Re: >Boredom of Immortality (was Re: imaging the world)

From: J. R. Molloy (
Date: Tue Mar 07 2000 - 14:58:44 MST

>Far be it from little old me to dispute an icon like Mr. Minsky, but
>importance is largely subjective. What is important to Marvin, may be
>trivial for me and vice versa. I do agree that it is impractical to
>postpone one's "search and practice for Enlightenment" until the ultimate
>questions have been answered. But that is not what I was suggesting in the
>first place. I merely said that, for me, boredom will not set in until all
>the questions have been answered. But my "search and practice for
>Enlightenment" is vigorously being pursued on a daily basis.

Actually, that was Minsky quoting Siddhartha Gautama
(quite a psychonomer in his own right).
The only important opinions are handed down by courts with armed
marshals. So, obviously, this is just for fun. A creative mind never gets bored,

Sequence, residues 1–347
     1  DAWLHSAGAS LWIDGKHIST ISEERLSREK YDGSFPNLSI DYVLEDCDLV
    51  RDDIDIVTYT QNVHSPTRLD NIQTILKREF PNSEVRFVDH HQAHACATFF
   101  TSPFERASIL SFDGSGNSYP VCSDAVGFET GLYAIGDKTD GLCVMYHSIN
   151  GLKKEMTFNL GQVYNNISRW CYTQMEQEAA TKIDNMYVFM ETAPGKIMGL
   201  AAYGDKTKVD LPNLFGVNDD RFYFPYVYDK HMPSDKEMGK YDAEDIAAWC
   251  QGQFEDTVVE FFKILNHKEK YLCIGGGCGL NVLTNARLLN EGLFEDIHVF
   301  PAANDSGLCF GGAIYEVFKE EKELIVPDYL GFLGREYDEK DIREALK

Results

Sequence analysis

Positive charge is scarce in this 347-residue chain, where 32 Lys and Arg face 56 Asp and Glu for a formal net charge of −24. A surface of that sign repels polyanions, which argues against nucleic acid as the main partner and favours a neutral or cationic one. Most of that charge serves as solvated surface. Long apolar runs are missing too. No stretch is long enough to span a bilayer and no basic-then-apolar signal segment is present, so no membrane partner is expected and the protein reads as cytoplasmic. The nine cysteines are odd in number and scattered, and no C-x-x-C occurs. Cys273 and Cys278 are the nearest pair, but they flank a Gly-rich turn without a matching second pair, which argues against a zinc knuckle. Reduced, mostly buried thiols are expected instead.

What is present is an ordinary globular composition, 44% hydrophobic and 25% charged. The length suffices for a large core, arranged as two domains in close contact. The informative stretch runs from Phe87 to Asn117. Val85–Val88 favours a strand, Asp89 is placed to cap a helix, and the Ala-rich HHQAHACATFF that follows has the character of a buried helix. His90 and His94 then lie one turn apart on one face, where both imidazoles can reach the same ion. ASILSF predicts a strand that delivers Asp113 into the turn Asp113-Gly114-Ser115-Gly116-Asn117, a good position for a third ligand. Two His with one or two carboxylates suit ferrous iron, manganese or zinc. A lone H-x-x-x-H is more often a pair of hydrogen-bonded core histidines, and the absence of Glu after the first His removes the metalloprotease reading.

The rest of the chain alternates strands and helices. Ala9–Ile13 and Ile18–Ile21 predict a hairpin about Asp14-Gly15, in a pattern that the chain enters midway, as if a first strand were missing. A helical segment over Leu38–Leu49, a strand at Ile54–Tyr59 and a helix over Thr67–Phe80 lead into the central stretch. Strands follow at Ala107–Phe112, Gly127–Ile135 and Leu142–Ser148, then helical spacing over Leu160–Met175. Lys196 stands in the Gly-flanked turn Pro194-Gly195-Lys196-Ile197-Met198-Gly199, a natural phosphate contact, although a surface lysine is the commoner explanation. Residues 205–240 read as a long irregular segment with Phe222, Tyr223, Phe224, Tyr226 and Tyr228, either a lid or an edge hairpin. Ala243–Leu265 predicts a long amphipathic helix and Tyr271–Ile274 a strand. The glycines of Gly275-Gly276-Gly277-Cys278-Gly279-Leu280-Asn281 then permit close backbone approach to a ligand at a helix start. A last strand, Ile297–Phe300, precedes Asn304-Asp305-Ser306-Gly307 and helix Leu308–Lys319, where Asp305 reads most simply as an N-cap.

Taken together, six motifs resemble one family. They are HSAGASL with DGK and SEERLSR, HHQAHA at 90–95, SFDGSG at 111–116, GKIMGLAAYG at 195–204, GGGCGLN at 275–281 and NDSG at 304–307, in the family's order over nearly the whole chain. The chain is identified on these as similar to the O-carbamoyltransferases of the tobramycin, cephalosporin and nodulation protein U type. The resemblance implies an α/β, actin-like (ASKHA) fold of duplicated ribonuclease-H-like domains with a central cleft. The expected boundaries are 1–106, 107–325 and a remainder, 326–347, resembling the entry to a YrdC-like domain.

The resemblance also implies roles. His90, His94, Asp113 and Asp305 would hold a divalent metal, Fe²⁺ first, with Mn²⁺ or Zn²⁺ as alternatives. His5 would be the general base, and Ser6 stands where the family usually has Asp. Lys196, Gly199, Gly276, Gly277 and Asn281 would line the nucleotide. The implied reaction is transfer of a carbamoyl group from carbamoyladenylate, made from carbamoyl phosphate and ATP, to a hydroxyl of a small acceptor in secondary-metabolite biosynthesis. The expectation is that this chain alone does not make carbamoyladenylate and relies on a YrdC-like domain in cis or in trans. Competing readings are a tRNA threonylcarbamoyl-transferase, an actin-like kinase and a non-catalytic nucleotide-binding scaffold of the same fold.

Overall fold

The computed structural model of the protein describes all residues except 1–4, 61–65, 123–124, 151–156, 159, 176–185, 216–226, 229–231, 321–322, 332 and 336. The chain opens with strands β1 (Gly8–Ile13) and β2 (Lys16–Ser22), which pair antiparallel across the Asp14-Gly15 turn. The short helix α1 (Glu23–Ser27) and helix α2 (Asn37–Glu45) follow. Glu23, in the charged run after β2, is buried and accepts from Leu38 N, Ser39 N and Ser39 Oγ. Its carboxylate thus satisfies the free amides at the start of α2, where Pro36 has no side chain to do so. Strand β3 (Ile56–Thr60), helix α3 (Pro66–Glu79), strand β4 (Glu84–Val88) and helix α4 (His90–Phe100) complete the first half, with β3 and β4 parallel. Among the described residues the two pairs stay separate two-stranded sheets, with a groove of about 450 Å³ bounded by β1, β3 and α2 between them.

except when stressed-out from generating self-important opinions. A
sophisticated, intelligent, central nervous system that doesn't function via
limbic inputs or hypothalamus actions would require an enormous amount of work
to build, as those who work day and night to build such an entity must know. Do
our minds become less stressed-out and given to boredom when we turn off our
limbic inputs or hypothalamus actions?

Where does stress and boredom go when we awaken to the immensity of
consciousness beyond the particular?


--J. R.

"Blind faith, no matter how passionately expressed, will not suffice. Science,
for its part, will test relentlessly every assumption about the human condition
and in time uncover the bedrock of moral and religious sentiments."
--E. O. Wilson

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